I had spied this strange pale green guy at the market long ago.
I wondered what it was. A blanched beet? A spidery wild cabbage? A leafy green married to a veggie tuber?
But as this interminable German winter is dissipating, I thought – who cares what it is! I better buy one soon! What if this little alien decided to lift off and disappear?
And so, here we are. Faced with Kohlrabi, aka a German turnip.
I felt rather certain that I hadn’t seen this vegetable before and that it would be missing in action from my favorite cookbooks. But nope. There it was.
Here’s how “The Flavor Bible” describes it:
“Kohlrabi is an underrated vegetable. I admit it has not always been one of my favorites, but it has grown on me over the years. Now, I love it. I can’t precisely place its flavor, which is somewhere between a turnip, radish, and cauliflower.” – Vitaly Paley, Paley’s Place in Portland, Oregon
Vitaly goes on to say how versatile it is. His favorite way to make it is grilled or roasted and drizzled with olive oil and sea salt. (I was intrigued, but my grillmaster was absentee.)
Then I turned to Mark Bittman. I am ridiculously delighted when I find a gap in his classic “How to Cook Everything,” (it must be my old copy-editing self, the way-too-literal side of my brain). But he had kohlrabi covered:
“A bizarre-looking vegetable that’s treated like a turnip. The whole plant is edible, cooked or raw, but it’s the bulbous steam base that’s prized for its sweet, slightly piquant flavor and crisp texture.”
Peeling was recommended, but first, I wanted to peek inside.
I trimmed the arms off, turned it over, and sliced it in half.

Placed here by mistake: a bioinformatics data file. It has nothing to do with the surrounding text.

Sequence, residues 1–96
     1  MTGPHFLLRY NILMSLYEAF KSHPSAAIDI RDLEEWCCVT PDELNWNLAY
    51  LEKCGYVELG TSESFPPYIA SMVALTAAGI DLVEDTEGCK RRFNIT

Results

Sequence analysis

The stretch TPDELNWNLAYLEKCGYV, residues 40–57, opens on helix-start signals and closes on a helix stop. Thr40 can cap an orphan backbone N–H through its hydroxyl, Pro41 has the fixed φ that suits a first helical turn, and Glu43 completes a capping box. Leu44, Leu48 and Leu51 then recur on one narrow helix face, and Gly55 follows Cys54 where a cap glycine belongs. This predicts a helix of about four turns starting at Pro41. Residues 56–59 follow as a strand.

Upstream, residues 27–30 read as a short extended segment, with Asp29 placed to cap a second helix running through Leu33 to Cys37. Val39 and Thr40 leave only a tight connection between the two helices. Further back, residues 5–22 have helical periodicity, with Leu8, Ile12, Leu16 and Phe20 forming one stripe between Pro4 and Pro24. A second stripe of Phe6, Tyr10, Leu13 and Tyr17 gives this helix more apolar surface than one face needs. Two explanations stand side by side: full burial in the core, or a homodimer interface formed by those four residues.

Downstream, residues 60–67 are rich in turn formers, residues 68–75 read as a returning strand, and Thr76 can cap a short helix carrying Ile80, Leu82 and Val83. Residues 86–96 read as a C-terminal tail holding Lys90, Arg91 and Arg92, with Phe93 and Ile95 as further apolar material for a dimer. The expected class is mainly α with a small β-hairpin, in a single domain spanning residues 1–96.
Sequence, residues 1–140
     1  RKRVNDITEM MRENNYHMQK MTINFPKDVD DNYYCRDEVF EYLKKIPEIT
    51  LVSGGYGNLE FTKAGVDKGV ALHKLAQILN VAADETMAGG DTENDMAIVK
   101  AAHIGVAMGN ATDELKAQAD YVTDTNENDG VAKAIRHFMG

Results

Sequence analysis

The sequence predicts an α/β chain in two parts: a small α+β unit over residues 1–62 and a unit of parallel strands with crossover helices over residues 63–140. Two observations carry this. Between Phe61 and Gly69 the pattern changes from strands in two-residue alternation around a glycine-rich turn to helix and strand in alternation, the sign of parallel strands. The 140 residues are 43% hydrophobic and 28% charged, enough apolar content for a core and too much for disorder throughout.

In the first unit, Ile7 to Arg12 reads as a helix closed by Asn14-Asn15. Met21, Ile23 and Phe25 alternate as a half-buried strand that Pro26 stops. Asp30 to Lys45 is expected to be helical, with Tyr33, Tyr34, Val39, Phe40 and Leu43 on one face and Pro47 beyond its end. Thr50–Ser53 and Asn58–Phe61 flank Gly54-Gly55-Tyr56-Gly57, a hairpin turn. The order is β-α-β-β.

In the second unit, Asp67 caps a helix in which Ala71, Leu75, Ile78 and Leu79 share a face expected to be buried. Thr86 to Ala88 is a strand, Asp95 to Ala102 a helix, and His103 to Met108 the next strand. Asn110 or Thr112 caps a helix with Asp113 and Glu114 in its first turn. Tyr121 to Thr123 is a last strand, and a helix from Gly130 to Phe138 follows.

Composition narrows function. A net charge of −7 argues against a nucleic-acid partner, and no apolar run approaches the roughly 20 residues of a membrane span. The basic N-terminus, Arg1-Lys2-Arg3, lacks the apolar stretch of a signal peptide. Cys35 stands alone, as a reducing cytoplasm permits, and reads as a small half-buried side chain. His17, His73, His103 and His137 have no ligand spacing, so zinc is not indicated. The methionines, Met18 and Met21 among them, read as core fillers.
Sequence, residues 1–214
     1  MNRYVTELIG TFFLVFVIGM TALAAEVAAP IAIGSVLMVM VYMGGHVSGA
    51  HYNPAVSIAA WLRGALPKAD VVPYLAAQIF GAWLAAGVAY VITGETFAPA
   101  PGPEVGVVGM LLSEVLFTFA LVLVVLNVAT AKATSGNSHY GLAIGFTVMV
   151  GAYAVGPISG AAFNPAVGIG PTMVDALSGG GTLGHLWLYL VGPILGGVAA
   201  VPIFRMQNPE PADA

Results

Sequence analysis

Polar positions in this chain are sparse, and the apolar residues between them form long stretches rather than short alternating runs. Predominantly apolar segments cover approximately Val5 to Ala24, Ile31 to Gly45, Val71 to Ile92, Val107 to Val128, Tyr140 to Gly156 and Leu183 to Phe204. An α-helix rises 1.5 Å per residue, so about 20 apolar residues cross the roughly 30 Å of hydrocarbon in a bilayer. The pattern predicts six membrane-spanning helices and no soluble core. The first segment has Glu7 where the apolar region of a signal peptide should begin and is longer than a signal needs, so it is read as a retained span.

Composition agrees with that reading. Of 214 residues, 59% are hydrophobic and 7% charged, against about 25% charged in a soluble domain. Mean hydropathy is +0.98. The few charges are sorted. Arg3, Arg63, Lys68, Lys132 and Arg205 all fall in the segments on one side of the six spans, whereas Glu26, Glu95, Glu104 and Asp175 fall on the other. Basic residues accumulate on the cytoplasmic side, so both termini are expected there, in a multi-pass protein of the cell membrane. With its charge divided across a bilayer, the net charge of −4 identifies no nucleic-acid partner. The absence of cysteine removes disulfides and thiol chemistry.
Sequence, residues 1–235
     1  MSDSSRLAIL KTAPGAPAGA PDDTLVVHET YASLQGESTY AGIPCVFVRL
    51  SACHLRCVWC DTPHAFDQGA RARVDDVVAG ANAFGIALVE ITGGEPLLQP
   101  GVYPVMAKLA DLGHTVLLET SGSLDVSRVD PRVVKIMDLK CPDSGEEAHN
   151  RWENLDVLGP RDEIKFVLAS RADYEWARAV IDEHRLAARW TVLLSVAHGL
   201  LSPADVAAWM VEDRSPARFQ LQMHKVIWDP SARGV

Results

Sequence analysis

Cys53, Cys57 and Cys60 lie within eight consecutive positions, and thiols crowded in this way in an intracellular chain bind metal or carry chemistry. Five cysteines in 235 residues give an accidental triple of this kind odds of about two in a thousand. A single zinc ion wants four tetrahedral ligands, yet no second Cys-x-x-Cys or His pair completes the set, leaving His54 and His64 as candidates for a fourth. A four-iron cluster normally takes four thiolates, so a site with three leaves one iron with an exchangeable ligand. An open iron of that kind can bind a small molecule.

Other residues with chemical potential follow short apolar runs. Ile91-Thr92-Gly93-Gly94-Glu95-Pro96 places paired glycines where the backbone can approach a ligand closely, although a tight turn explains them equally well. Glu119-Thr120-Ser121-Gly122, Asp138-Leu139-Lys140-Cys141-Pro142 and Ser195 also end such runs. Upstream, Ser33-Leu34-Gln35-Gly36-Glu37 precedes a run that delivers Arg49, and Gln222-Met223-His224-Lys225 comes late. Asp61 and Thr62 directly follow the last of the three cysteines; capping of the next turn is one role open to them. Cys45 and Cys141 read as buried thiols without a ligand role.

Here’s the inside. It looked rather like the inside of an apple or a radish to me.
Having no earthly idea what to do with it, I hacked it into slices.
The taste is very fresh, sort of like the great hit you get from an apple straight from the tree – but not sweet. Raw Kohlrabi is crisp, like a radish, but with the flavor impression of a snap pea plucked from a garden tendril. Very nice.
But I couldn’t eat all that raw Kohlrabi. I needed to cook it.
Kohlrabi gratin? Kohlrabi risotto? Roasted Kohlrabi?
I was still confused what Kohlrabi would taste like cooked, so I turned to “The Flavor Bible” for ideas. It recommended, among other things, soy sauce. Recommended cooking techniques included stir-fry.
So that’s where I headed. (Plus, we had leftover steak and rice from last night, and a red bell pepper waiting to be used. And we always have garlic and onions.)
Ten minutes later, my first Kohlrabi lunch:
The Kohlrabi softens nicely, with a clean, savory taste that fit in with everything else well. I even got daring after a test bite and squirted fish sauce over the entire pan!
Kohlrabi turned out to be simpler to deal with than other veggies, like artichokes or even pesky broccoli with all its florets. I think Kohlrabi will definitely be circling for a return visit.